Commercial

Commercial may refer to:

  • Advertising, paid classified messages in newspapers, magazines, flyers, billboards, and paid announcements over radio and television to sell a product, item or service
    • Radio advertisement, paid announcements over the radio to sell a product, item or service
    • Television advertisement, paid announcements over the television to sell a product, item or service.
  • Commerce, a system of voluntary exchange of products and services to the market
    • Trade, the trading of something of economic value such as goods, services, information or money
  • Commercial agriculture, the large-scale production of crops for sale
  • Commercial bank, a type of bank specializing in checking accounts and short-term loans
  • Commercial broadcasting, the practice of airing radio and television advertisements for profit
  • Commercial district, a part of a city where the primary use of property is for business, commerce and trade
  • Commercial Drive, Vancouver, a roadway in the city of Vancouver
  • Commercial law, the legal regulations governing transactions and related matters in business, commerce and trade
  • Commercial software, a software that is licensed for a fee
  • Commercial Solutions, a company in Edmonton
  • Commercial Township, New Jersey, in Cumberland County, New Jersey
  • Commercial vehicle, a type of vehicle for hire to transport goods or passengers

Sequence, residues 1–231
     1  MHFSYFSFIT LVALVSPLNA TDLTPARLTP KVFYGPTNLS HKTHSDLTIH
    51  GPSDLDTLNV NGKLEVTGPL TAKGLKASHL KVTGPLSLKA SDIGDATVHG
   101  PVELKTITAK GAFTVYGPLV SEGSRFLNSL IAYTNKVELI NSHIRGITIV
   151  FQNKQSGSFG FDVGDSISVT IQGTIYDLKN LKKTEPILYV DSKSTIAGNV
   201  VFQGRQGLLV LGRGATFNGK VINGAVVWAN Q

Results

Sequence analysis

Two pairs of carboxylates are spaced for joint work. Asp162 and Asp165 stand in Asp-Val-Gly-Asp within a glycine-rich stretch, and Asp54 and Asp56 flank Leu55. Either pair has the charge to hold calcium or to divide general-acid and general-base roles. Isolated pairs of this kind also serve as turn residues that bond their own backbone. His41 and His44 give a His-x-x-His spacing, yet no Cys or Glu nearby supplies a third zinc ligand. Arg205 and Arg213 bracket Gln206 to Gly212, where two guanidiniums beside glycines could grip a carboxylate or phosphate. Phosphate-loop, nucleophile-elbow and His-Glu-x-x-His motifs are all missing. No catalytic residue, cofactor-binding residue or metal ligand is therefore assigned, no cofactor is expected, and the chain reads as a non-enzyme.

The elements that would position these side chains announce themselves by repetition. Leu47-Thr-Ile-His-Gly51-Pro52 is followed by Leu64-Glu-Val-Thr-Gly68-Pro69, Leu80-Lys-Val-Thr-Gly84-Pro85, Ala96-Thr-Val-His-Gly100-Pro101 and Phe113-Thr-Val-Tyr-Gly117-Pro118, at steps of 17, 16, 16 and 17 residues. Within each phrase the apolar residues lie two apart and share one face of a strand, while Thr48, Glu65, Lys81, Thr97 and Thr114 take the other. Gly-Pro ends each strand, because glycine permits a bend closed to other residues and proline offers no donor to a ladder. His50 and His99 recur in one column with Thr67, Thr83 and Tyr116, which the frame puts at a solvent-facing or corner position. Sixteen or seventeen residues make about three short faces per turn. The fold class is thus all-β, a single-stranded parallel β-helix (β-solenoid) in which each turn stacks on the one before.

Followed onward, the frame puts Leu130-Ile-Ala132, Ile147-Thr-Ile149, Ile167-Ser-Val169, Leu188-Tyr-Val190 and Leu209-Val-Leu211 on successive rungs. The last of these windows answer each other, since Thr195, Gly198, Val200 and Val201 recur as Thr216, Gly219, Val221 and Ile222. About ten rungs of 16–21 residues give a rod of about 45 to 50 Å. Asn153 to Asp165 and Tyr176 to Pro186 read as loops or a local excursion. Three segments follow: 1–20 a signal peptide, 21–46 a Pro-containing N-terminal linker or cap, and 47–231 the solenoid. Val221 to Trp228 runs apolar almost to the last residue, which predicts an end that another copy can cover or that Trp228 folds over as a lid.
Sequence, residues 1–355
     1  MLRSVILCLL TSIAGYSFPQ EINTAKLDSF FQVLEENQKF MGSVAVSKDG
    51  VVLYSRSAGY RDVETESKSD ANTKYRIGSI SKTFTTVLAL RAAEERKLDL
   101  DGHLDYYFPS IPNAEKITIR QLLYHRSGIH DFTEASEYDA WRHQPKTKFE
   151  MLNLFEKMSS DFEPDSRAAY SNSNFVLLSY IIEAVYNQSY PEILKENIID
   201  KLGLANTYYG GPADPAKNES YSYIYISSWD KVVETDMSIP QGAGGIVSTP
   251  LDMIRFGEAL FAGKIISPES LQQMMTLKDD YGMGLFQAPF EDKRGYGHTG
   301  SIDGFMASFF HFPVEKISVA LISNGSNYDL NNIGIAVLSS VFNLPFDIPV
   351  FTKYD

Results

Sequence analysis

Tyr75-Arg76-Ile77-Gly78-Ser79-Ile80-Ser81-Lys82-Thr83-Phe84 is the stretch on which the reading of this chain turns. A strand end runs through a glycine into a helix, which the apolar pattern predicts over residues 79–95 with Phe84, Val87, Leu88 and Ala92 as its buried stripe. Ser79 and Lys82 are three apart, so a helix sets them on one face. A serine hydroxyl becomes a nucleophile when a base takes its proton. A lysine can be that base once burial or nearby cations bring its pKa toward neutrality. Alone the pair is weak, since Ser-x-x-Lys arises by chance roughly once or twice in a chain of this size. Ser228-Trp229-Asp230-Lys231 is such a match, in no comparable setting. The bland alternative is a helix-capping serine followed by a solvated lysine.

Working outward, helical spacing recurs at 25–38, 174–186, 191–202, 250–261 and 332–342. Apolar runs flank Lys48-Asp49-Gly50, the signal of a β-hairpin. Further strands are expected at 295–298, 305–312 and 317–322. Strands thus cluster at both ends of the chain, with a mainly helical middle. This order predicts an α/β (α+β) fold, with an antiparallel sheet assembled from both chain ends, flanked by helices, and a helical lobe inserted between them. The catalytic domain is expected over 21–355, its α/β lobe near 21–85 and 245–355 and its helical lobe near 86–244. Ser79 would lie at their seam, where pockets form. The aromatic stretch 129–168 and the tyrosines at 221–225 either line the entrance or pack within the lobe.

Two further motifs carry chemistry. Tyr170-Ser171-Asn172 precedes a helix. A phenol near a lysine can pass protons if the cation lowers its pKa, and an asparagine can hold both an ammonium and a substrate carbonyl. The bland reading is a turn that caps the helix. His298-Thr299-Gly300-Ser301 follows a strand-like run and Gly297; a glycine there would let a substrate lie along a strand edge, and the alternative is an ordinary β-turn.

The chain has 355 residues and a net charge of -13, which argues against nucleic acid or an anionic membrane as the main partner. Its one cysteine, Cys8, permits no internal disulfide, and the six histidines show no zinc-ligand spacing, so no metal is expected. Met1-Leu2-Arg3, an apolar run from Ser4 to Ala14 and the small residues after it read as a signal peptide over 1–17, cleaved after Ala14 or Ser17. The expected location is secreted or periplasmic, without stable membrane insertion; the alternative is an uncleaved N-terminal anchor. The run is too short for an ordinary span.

• Strictly Commercial, a compilation album by Frank Zappa.

Famous quotes containing the word commercial:

    There is every reason to rejoice with those self-styled prophets of commercial disaster, those harbingers of gloom,
    Over the imminent lateness of the denouement that, advancing slowly, never arrives,
    At the same time keeping the door open to a tongue-in-cheek attitude on the part of the perpetrators....
    John Ashbery (b. 1927)

    If men could menstruate ... clearly, menstruation would become an enviable, boast-worthy, masculine event: Men would brag about how long and how much.... Sanitary supplies would be federally funded and free. Of course, some men would still pay for the prestige of such commercial brands as Paul Newman Tampons, Muhammed Ali’s Rope-a-Dope Pads, John Wayne Maxi Pads, and Joe Namath Jock Shields—”For Those Light Bachelor Days.”
    Gloria Steinem (b. 1934)

    The commercial class has always mistrusted verbal brilliancy and wit, deeming such qualities, perhaps with some justice, frivolous and unprofitable.
    Dorothy Nevill (1826–1913)